There is a massive prize for small Australian tech businesses through changes to Commonwealth ICT procurement being wrought by the Assistant Minister for the Digital Transformation and Cities Angus Taylor.
Over the next several years, he wants to increase the proportion of the Australian Government’s $5.6 billion ICT spend to go to smaller local players by 10 percentage points, or $560 million in new business to smaller suppliers every year into the future.
Currently smaller suppliers – of less than 20 employees – take home 11 per cent of that spend. Mr Taylor has set a target of another 10 per cent through the simplification of procurement processes in government.
This is a gigantic industry development lever. In scale, that additional $560 million is more than twice the size of the annual spending on the Commonwealth’s entire National Innovation and Science Agenda (NISA).
Better government services, delivered more efficiently while helping underwrite the development of a stronger local tech industry. Sounds like a good idea to me, and unwinds the preposterous thinking that somehow government procurement cannot be used as an industry development lever.
“If we can simply increase the proportion of our budget going to innovators by 10 percentage points, [then] we have a program that is double the size of the National Innovation and Science Agenda,” Mr Taylor told the InnovationAus.com Open Opportunity forum in Canberra.
“And that’s what I want to see, because that innovation alongside the much more traditional vendor relationships [is] absolutely crucial to delivering the sorts of results that I think we can deliver.”
The Australian Government’s newly-appointed Chief Digital Officer Paul Shetler says the ambitious target for SME participation in tech procurement very achievable.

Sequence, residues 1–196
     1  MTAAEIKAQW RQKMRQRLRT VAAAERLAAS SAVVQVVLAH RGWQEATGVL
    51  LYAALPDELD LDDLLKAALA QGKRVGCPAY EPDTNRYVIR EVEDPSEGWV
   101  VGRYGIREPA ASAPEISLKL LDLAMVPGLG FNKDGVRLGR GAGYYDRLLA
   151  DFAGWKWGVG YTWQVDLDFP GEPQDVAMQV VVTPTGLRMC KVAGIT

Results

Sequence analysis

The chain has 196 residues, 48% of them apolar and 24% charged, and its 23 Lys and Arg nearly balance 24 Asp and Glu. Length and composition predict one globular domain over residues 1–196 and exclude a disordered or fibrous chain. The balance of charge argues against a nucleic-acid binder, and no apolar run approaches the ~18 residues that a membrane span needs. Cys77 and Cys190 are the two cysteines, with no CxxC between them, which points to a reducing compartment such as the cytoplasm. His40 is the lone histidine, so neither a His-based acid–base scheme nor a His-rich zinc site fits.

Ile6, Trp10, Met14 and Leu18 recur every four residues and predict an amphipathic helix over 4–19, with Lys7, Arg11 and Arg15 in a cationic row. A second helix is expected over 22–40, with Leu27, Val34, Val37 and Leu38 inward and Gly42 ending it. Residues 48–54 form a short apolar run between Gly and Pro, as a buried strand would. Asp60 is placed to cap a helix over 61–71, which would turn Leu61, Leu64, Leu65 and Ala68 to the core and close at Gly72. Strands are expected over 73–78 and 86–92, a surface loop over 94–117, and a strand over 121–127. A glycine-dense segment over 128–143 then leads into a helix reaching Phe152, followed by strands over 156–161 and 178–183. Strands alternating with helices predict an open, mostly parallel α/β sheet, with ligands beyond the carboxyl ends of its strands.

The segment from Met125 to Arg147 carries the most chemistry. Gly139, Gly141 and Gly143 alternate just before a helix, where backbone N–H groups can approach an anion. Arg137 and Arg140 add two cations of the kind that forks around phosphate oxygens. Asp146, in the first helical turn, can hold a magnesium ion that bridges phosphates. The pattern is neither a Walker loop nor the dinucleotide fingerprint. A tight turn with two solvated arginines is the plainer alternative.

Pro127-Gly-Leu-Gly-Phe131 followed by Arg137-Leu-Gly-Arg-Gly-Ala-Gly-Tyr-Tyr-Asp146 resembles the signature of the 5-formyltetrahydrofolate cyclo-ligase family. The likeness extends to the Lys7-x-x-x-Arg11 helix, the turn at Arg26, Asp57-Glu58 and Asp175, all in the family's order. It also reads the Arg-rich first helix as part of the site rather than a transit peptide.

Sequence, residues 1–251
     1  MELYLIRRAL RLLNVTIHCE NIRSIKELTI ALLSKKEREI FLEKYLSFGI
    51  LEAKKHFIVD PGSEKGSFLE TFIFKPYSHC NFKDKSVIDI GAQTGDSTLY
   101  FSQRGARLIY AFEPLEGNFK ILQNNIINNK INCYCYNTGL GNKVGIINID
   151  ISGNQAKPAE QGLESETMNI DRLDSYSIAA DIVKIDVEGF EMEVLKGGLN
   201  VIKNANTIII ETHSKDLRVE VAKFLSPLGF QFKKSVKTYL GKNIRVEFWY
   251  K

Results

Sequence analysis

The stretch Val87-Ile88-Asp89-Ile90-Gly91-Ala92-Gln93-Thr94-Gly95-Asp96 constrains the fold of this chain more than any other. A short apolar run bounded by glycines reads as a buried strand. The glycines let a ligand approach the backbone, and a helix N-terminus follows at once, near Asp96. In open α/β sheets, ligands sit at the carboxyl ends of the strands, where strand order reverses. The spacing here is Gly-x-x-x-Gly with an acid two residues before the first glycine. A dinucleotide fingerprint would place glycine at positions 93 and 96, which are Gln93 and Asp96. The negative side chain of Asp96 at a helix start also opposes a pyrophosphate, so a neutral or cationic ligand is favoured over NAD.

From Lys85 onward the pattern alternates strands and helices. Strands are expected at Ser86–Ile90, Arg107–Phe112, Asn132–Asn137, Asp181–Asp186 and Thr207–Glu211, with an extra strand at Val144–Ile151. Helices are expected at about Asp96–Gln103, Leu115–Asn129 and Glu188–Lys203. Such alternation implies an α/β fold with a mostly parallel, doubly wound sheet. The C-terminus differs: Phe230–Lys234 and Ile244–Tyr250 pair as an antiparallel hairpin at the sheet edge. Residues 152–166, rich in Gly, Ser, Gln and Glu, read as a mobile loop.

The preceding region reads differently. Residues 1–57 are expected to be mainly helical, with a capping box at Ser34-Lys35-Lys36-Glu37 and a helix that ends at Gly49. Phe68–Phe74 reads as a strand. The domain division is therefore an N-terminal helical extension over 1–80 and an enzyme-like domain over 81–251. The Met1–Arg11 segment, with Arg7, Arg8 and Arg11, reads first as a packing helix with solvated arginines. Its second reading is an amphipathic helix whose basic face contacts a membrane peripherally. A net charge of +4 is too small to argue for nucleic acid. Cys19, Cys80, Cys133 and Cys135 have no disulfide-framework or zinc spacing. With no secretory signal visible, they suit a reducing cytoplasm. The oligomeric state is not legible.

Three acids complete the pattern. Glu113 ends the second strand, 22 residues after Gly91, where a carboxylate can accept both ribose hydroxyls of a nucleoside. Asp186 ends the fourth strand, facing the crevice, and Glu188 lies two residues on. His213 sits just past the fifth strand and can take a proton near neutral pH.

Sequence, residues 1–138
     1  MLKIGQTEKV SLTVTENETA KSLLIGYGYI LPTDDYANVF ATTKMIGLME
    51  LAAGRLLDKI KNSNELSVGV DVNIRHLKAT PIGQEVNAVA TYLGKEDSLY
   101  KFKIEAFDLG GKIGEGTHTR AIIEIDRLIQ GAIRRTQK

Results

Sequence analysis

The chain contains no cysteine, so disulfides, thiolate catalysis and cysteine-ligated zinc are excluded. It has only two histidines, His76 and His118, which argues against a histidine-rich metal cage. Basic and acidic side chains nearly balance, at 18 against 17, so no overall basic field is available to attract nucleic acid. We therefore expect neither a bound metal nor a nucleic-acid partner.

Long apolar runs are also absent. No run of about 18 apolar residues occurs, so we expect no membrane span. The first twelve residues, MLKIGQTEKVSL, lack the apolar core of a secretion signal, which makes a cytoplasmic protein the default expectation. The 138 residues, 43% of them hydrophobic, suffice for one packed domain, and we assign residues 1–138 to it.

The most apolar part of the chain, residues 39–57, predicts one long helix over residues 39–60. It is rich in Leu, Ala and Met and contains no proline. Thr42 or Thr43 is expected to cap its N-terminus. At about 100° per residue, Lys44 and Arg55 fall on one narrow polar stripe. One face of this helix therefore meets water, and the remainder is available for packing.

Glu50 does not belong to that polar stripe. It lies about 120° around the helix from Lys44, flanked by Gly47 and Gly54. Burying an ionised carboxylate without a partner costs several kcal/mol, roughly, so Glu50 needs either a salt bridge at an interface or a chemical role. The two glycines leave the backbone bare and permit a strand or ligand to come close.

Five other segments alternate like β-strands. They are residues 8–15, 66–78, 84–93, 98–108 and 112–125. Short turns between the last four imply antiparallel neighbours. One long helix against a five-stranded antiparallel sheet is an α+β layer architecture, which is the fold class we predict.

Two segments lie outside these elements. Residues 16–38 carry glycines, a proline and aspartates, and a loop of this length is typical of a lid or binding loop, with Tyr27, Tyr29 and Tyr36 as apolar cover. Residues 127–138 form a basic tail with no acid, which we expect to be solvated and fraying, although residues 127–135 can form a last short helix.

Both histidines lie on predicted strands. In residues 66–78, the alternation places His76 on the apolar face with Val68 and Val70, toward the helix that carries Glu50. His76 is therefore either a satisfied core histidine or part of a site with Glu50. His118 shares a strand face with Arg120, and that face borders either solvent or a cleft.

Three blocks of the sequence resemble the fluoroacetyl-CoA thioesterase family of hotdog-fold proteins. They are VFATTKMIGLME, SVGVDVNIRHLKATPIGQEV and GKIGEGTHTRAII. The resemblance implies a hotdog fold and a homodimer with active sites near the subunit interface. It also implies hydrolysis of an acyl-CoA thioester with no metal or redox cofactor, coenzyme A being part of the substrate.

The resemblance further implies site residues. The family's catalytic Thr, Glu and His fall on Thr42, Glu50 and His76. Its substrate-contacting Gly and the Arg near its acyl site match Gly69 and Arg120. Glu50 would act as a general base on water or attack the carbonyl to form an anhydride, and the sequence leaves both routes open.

Mr Shetler cites the experience in the UK, where small local companies grew their share of the government tech spent from similar levels currently in Australia to 25 per cent through the UK Government’s reform of procurement practices and the introduction of a digital marketplace.
The Digital Transformation Agency’s Digital Marketplace will be a central to growing local tech sector’s share of the Australian Government’s technology spend.
Mr Taylor is expected to unveil a discussion paper development by Prime Minister & Cabinet on proposed changes to ICT later today.
He says in relation to procurement and the way government makes investment decisions, there are three main problems to solve – the governance, the rules and the technical delivery.
“The DTA is our answer to governance. The ICT [Procurement] Taskforce is our review of the rules, and our answer to the technical delivery or procurement is the new Digital Marketplace. “We will be guided by three simple questions in the way we think about IT procurement.”
“When do we have to own the solution? And there’s times when we do, whether it’s for security reasons, or because of expectations out there in the community.
“[Secondly] when can we partner for a solution? And there’s many cases where we do and will need to continue to partner in the solution.
“And [thirdly] when can we actually just let the private sector solve the problem for us? When can we release high quality data, knock down regulatory barriers and actually let the private sector do the job for us. This is non-traditional procurement.”
Mr Taylor is encouraging the local sector to provide feedback to the discussion paper on ICT procurement.
“If the government is going to deliver a faster, smarter and better services to the public, a system that’s open to SMEs to access the $5.6billion ICT spend, and the biggest reform to government technology use in recent memory, and the ICT procurement review is right at the heart of this, then we need an open and frank conversation about the current industry and how we’re going to get there,” he said.
“The ICT Procurement Taskforce discussion paper serves as a snapshot of the current process and gives a chance for all stakeholders to provide a submission. I strongly encourage people in this room to make submissions.”
“When you’re engaging on this please, consider not only the current rules, but how the rules of IT procurement can help us deliver the future we should all expect from the way Government interacts with IT service providers and citizens and businesses more generally.”
Do you know more? Contact James Riley via Email.